Whoa, steep, I’m thinking. I sign-language the other girls to follow me back outside for a confab. We’re standing just outside the now-closed nautical door, debating whether: A) We each have ten dollars, and, B) Do we think guys will buy us beers if we go in? As we are trying to reach a consensus, these three dudes walk up. I turn to them and say, “There’s a ten-dollar cover,” as in, Whoa, can you believe they’re charging ten bucks? Only, get this! The first dude whips out his wallet and hands me two twenties, like he thinks I’m working the door. I smile at him and pull out a ten spot and give it to him. Then I open the door and say, “Have a nice evening, gentlemen.”

My girls are looking at me with their mouths open. Like, really, open. (I believe the proper word is agape.) So we just start running. Seems like the thing to do. We kind of get into the drama of the whole thing, diving over hedges and shit, creeping down alleys, imagining that the police are after us. In my mind, right then? Getting away was the most important thing in the world. But we were laughing—like, crying-laughing, and before you know it Margo snorts and Jenny wets her pants. And that makes us laugh more. At Orange Street we stop, all out of breath, but still giggling, and my sides are hurting by now.

We start hitchhiking back to ’Sconset and some nice white-haired grandma picks us up, and we have to listen to her lecture about the dangers of hitchhiking and shit. She lets us off at the traffic circle. Here, they call it a rotary. When we get out, Jenny takes the old lady’s cardigan from the backseat. It looks like one of those nice ones from L.L. Bean. Margo complains that she’s hungry, so we head to the Rotary Café and spend thirty dollars on blueberry pancakes with real maple syrup and whipped butter and big glasses of milk. By now it’s midnight. Back to the rotary and Jenny sticks her thumb out. Her jeans have dried and I’m cold and sober now, so she lets me wear the old lady’s sweater. Fog is starting to roll in and we can hear the Sankaty Head Lighthouse horn.

After a couple of minutes a car pulls over. It’s like a Maverick, I think, with a big rusted dent in the side. Jenny and I jump in the back. Margo gets in front. The dude says, “Heading to ’Sconset?” He turns around and, I shit you not, it is that dude I took the money from at the Rose and Crown and I think that I am going to toss pancakes right there. Jenny is laughing hysterically. The dude asks if we can each spare a buck for gas because he’s out of money, and then he asks if we want to buy any of his cassette tapes, ’cause he needs to scratch up enough to get his car over to the mainland to get back to school.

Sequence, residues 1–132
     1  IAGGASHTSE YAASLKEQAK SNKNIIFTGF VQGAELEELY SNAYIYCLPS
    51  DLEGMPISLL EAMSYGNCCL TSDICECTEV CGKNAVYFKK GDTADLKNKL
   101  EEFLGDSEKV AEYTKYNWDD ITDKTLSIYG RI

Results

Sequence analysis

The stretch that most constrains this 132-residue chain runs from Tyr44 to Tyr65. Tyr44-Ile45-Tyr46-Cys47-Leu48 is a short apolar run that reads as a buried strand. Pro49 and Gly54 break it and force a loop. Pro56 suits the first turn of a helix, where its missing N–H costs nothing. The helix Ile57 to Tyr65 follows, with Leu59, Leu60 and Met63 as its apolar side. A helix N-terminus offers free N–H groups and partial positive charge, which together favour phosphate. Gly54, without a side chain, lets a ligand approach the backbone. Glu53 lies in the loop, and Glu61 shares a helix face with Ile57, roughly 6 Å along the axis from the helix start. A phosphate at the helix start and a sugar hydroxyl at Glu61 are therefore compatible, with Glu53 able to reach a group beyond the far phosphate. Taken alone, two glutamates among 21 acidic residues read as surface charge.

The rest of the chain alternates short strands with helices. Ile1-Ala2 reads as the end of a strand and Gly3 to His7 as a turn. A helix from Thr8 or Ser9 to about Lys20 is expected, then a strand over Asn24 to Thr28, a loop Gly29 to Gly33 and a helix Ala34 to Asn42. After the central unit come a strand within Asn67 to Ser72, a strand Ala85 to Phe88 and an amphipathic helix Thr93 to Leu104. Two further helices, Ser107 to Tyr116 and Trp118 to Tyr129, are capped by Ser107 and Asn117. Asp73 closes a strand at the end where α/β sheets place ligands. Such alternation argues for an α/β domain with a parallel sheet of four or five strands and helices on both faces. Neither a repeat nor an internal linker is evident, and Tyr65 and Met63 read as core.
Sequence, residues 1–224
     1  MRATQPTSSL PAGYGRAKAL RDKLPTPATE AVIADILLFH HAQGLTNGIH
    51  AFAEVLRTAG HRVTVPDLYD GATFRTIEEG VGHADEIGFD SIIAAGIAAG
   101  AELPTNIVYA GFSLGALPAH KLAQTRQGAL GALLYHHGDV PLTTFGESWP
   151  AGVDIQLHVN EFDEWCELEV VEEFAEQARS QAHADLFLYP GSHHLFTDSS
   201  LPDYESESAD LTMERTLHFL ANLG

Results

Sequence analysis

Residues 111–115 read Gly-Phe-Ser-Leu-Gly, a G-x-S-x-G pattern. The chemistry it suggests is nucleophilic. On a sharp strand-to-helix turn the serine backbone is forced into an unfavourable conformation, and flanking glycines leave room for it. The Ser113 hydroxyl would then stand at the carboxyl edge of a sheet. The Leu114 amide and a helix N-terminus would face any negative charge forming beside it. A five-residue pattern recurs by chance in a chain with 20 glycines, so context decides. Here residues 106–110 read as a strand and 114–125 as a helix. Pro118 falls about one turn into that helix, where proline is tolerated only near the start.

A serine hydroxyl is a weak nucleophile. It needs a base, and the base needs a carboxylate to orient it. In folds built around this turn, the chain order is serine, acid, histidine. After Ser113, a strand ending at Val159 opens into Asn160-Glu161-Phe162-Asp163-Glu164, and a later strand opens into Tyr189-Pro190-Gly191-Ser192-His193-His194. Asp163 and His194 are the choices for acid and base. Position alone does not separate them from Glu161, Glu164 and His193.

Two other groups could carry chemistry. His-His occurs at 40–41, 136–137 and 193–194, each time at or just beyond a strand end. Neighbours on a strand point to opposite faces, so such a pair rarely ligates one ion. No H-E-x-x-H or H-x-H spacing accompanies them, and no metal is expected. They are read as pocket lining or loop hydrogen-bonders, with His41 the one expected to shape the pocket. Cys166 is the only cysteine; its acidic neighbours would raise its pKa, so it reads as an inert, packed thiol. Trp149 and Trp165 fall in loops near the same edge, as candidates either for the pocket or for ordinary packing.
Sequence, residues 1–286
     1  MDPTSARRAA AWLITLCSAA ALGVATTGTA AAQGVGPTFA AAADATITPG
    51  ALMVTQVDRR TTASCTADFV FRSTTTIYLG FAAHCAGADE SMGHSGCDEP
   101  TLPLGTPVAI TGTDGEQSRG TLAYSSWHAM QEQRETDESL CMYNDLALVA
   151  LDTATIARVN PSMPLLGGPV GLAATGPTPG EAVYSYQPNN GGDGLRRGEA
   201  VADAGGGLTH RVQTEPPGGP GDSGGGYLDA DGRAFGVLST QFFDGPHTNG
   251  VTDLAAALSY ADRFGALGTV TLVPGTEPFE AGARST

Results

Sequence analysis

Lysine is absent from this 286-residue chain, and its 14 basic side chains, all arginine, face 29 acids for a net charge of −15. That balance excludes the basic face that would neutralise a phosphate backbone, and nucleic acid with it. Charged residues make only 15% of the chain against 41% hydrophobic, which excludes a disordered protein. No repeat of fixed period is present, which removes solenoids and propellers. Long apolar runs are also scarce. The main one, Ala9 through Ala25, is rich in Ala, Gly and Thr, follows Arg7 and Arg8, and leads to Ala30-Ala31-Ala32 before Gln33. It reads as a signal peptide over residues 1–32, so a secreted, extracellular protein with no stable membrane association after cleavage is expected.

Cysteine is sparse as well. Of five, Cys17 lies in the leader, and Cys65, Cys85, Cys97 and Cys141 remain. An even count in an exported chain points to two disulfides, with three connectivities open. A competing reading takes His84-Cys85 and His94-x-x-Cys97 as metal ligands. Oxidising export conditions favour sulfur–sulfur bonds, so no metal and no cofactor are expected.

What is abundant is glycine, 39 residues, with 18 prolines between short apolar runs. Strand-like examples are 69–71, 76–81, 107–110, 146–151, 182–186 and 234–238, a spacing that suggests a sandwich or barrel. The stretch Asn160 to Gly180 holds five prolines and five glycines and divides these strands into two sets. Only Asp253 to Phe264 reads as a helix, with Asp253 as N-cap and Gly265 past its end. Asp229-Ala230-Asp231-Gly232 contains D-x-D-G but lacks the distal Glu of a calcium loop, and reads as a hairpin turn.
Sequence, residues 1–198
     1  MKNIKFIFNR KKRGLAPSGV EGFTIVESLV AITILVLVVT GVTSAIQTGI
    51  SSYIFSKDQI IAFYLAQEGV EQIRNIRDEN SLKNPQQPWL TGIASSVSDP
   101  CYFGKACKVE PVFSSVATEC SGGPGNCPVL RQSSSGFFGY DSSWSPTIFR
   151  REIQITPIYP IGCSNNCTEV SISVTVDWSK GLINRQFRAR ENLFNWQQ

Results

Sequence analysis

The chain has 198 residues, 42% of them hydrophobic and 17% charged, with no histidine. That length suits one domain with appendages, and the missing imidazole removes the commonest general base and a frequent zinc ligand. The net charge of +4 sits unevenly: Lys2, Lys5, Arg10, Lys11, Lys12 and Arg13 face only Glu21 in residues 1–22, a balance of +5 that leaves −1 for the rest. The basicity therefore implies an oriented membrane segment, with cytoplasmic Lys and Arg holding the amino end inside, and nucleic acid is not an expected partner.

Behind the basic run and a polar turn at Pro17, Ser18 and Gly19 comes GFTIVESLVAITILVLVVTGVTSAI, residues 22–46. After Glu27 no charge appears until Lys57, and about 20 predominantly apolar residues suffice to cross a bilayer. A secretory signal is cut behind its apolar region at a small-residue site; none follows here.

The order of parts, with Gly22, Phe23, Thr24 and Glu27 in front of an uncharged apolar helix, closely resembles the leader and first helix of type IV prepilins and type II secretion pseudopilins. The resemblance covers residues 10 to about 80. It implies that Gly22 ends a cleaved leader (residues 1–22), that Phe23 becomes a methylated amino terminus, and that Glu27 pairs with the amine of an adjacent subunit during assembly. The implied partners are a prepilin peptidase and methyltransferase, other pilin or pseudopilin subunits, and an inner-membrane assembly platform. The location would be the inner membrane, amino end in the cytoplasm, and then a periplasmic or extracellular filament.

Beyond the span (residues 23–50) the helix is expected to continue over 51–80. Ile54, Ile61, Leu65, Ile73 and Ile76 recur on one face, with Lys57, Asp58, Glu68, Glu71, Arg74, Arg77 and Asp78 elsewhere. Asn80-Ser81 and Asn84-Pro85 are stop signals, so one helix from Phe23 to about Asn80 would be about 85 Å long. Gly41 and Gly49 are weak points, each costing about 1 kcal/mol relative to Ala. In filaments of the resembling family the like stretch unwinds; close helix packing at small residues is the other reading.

Margo turns and gives me this you are a daughter of Satan look.

I’ve pulled my hair out of a ponytail and pulled it sort of around my face, and buttoned that cardigan right up to my neck. It has these nice pewter buttons that make me think of Heidi. Jenny is still giggling, but I feel bad, like that time at summer camp when I poked pinholes in everybody’s tubes of toothpaste with a pushpin and blamed it on my bunkmate. Only I got busted, because guess whose toothpaste tube didn’t have any holes in it?

Jenny goes through her pockets and pulls out some bills and says, “Can I look at your tapes?”

“Sure,” the dude says. “Two bucks each. I have the new Dire Straits and Elvis Costello.” He turns on the light inside the car and is passing his tape box to the backseat, saying “Do you all like Elv…”  and his eyes lock on mine and there are these super bright lights coming closer and a boom then a slow screeching that must be metal bending and it hurts my head then there’s all this glass and not even time to scream.

In the Nantucket Cottage Hospital, I sit by Margo’s bed and hold her hand. The dude’s parents (his name was Wesley, his mother said) have just left. They will take him back to Rhode Island to be buried. Margo’s mom is on her way from Birmingham. The docs haven’t let her look in a mirror. Jenny was airlifted to Boston, and the doctors are hopeful. I want my mom to get here.

I want to go home.

There’s a saying I’ve heard somewhere, that “revenge is a dish best served cold.” Well, if that’s true, then shame is a dish best served on a dirty floor and eaten on hands and knees.